Thursday , April 18 2024
Criterion delivers another low key but emotionally-involving film by the Dardenne brothers.

Blu-ray Review: The Kid with a Bike – The Criterion Collection

The Dardenne brothers, Jean-Pierre and Luc, wrote and directed The Kid with a Bike in their usual naturalistic style. The film was released in 2011 and, like La promesse (1996) and Rosetta (1999), is now available on Blu-ray from The Criterion Collection. Unlike those two earlier films, which are both excellent but remarkably downbeat, Bike is decidedly lighter and more optimistic in tone. What it shares with the earlier two is an exploration of how poor parenting impacts psyches of young people.

The title “kid” is 12-year-old Cyril (Thomas Doret), a foster child whose world is turned topsy-turvy when his father, Guy (Jérémie Renier) sells his prized bike and moves to an undisclosed location with nary a word. No matter how many times he’s told that his father sold the bike, Cyril simply will not accept it. It must have been stolen, he insists. The idea that his father vacated his apartment without notifying him is also difficult for him to accept. This is a story of the effects of abandonment and rejection at a young age.

Cyril’s world changes for the better after a chance encounter with a woman named Samantha (Cécile de France). In a random act of kindness, she manages to track down the boy’s bike, buying it back from the new owner and returning it to Cyril. The single Samantha begins hosting Cyril at her home on weekends. But the only thing on his mind is reuniting with his father. When he finally does, it turns out Guy is predictably less interested in embarking on a new father-son beginning. Emotionally lost, Cyril falls under the influence of an older boy (Egon Di Mateo) with disastrous results.

The plot unfolds with unforced simplicity. The Dardenne’s mine the emotion present in the very smallest of details. Note the way Guy, who works as a cook at his girlfriend’s restaurant, doesn’t care one iota as his son attempts to demonstrate his sauce-stirring skills. Or the way Cyril tries to impress Samantha with bicycle tricks as a way of expressing gratitude for her having returned his prized possession. The 87-minute film is laced with such seemingly ordinary and superficial moments that actually speak volumes about the characters.

In Thomas Doret the brothers found a natural screen presence to portray Cyril. Doret hadn’t acted before but he manages to avoid striking a single false note. And Cécile de France turns the reserved Samantha into kind of a guardian angel for Cyril. While always underplaying, she uncovers Samantha’s maternal instincts without ever descending into cliché. Samantha has no backstory, but somehow we accept and believe in her devotion to this boy she hardly knows but is willing to sacrifice so much for.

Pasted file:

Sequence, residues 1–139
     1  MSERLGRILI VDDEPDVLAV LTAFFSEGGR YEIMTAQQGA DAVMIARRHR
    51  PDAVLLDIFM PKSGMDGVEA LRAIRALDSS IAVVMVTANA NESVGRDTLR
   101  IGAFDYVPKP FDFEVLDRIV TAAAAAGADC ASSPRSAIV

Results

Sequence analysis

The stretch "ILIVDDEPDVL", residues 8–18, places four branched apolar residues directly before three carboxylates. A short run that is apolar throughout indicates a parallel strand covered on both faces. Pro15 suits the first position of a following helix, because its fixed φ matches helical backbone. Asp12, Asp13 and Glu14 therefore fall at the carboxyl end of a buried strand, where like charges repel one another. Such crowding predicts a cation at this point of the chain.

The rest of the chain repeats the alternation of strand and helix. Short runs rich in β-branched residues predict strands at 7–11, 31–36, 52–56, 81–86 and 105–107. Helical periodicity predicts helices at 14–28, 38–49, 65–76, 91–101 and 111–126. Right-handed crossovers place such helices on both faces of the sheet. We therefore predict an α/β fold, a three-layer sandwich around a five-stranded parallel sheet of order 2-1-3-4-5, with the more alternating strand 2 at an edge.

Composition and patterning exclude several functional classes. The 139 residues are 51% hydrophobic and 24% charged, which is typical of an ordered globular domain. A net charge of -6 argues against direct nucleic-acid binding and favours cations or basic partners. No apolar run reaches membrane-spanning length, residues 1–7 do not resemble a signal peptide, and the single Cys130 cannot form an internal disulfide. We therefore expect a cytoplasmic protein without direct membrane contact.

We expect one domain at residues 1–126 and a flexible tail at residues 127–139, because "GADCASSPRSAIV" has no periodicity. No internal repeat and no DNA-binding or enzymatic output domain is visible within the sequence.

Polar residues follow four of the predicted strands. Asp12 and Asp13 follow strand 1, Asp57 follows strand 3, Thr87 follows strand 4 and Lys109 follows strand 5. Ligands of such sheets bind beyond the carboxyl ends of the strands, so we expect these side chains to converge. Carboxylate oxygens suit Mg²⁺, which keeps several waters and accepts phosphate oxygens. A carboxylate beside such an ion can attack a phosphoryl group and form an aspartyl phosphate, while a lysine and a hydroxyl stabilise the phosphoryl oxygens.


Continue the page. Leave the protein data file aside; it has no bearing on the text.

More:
Criterion’s high definition transfer was supervised by the Dardenne’s regular cinematographer, Alain Marcoen. The result is a generally bright, colorful image that is consistently sharp. Though shot on 35mm film, grain is very light. The DTS-HD Master Audio 5.1 offers a clean, simple presentation of the film’s French dialogue. In keeping with the natural atmosphere crafted by the Dardennes, the sound design is intended to resemble reality, not heighten it. Ambient effects, such as distant dogs barking or traffic sounds, carry over to the rear channels without drawing attention. It seems Criterion has effectively conformed to the desired technical vision originally conceived for the film.

Practically everything you could possibly want to know about the creation of The Kid with a Bike is contained in a new 73-minute interview conducted by film critic Kent Jones with the Dardenne brothers. While that extensive supplement is the main attraction, there are also shorter interviews with cast members Doret and de France. “Return to Seraing” is a half-hour piece in which the Dardennes return to key locations used for Bike, further discussing the making of the film.

The Kid with a Bike is another vital entry in The Criterion Collection’s expanding catalog of the works of Jean-Pierre and Luc Dardenne. The film offers a simple but deeply emotional story about the importance of strong parental guidance during a child’s formative years.

About The Other Chad

An old co-worker of mine thought my name was Chad. Since we had two Chads working there at the time, I was "The Other Chad."

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